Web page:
In this blog, Seth Reynolds, Principal: Systems Change at NPC, sets out the need for a systemic approach to tackling our supported housing crisis. This blog marks the publication of a new report on supported housing by Rethink Mental Illness.
A safe, stable, and affordable home is a foundation of good mental health and wellbeing–for anyone. For people with mental ill-health, having a stable home is even more vital, because inadequate or unstable housing can worsen mental illness. Yet accessing and maintaining a conventional home can be a challenge for some people with severe mental illness.
Long-term supported housing–providing a stable home alongside support services–has been shown to offer a solution. It can have a positive impact on health and wellbeing, reduce homelessness, relieve pressures on social care, health, and criminal justice systems, and ultimately reduces demand on the public purse.
Why then, if it is so effective and has such wide-ranging benefits, are we so short of it? Why is it so hard to access for those that need it?
We’re not just a bit short. We’re chronically short. The National Housing Federation has identified a 210,000 shortfall in necessary supported housing units, set to rise to 350,000 by 20451.
Increasing supply is vital. However, building units alone won’t solve the problem. Supported housing is not one-size-fits-all. For example, the housing and support needs of people leaving prison are different to those of people leaving hospital. Step-down (temporary/ transitional) accommodation needs to be designed differently to longer-term supported housing. Access to services, community, and infrastructure must also be considered. The processes that govern how people are referred to and access supported housing–whether from hospitals, probation, or the community–are also critical to determining how the system works.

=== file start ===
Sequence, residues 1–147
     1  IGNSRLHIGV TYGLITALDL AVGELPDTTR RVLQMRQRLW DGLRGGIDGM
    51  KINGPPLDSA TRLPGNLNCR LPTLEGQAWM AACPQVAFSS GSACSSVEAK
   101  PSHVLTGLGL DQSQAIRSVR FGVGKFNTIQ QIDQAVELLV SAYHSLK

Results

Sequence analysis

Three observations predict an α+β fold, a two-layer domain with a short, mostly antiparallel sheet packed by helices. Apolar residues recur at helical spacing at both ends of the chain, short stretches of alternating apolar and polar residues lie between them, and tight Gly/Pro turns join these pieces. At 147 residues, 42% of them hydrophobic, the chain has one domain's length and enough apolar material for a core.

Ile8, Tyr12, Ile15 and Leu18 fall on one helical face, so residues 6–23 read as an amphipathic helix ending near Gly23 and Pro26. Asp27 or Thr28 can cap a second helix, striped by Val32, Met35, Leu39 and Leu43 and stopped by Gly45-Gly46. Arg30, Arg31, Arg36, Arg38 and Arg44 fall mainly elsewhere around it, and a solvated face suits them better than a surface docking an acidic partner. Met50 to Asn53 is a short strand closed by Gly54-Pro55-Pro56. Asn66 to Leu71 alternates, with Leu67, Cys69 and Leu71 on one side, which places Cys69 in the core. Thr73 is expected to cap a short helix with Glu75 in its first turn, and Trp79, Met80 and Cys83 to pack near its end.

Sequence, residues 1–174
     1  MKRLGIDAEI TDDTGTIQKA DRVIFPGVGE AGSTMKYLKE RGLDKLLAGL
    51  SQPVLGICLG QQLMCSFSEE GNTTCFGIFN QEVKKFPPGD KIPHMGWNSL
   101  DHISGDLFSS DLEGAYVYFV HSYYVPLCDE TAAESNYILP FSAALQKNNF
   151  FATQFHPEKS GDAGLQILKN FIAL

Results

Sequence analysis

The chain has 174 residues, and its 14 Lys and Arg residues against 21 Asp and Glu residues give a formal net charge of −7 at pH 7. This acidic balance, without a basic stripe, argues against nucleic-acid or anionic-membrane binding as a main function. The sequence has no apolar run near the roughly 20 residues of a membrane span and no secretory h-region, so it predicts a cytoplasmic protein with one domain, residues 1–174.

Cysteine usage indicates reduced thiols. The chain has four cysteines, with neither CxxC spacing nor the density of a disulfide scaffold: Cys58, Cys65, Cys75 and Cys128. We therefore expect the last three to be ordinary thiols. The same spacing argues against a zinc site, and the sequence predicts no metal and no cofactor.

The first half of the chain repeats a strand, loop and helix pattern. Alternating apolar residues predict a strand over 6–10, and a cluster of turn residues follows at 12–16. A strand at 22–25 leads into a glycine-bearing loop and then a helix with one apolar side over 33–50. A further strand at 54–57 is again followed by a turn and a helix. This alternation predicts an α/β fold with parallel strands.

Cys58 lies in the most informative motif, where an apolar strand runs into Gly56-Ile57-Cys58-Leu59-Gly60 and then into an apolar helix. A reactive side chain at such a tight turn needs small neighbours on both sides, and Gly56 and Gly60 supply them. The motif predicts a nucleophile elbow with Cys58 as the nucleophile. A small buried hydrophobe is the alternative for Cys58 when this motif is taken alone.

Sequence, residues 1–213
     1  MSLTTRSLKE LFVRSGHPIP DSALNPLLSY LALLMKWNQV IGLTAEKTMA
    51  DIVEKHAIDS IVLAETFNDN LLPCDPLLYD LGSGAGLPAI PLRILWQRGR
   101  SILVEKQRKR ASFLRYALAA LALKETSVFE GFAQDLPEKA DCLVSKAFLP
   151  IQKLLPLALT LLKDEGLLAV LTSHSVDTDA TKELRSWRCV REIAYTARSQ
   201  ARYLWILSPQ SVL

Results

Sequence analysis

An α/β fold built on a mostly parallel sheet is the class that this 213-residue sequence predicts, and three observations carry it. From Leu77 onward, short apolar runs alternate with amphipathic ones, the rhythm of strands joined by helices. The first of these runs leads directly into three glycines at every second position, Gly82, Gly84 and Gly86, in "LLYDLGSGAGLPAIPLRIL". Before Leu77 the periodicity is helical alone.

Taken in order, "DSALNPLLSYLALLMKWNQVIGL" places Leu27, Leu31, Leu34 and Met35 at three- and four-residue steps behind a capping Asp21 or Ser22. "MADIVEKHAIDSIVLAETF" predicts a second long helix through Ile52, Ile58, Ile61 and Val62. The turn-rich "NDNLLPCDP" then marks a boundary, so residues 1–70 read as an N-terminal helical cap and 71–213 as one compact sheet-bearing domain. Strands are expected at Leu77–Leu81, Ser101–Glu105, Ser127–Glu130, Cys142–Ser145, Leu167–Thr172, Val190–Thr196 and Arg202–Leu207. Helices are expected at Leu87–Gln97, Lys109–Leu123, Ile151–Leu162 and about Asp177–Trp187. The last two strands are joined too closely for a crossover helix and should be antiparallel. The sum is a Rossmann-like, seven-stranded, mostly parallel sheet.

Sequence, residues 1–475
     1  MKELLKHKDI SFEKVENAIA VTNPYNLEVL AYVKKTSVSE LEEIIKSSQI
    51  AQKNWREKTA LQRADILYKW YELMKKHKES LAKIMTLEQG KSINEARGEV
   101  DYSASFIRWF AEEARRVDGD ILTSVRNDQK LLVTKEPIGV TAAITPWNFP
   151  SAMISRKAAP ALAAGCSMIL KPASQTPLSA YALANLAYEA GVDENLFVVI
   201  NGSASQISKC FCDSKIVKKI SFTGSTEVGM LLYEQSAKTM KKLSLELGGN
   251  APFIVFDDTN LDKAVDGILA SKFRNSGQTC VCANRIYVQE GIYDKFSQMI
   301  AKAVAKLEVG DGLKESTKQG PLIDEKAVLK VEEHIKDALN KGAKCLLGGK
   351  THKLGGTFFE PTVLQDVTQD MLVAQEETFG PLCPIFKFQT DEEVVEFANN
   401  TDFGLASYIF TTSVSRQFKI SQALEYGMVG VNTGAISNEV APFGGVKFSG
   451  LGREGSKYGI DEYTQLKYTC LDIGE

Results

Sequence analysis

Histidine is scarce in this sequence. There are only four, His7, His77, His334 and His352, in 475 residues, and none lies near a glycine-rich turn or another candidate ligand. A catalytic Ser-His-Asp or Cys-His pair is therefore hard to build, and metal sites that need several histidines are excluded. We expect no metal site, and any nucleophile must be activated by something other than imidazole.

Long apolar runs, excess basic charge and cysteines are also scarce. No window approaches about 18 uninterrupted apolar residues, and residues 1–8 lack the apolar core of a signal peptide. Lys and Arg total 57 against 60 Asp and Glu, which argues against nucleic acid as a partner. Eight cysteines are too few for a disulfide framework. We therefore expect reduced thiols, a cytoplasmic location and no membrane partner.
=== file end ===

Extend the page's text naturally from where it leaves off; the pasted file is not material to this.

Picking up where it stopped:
A complex picture: understanding the nature of the problem
Given their years of supporting and housing people with mental ill-health, Rethink Mental Illness are well aware of the systemic nature of this issue. For this reason, they invited a team of consultants from NPC with expertise in complex systems analysis and design, as well as in building innovative investment models, to help them better understand the systemic factors limiting the supply and potential impact of supported housing.
To do this, we convened stakeholders from across the supported housing system, including: representatives from NHS Trusts, local authorities, housing associations, charities, and people with lived experience of supported housing.
With their input, we produced a user-centred systems model that summarises some of the key factors affecting the supported housing system. We put people’s lived experience at the centre of this model, and complemented these with data and evidence that shows how such experiences play out at scale across the system.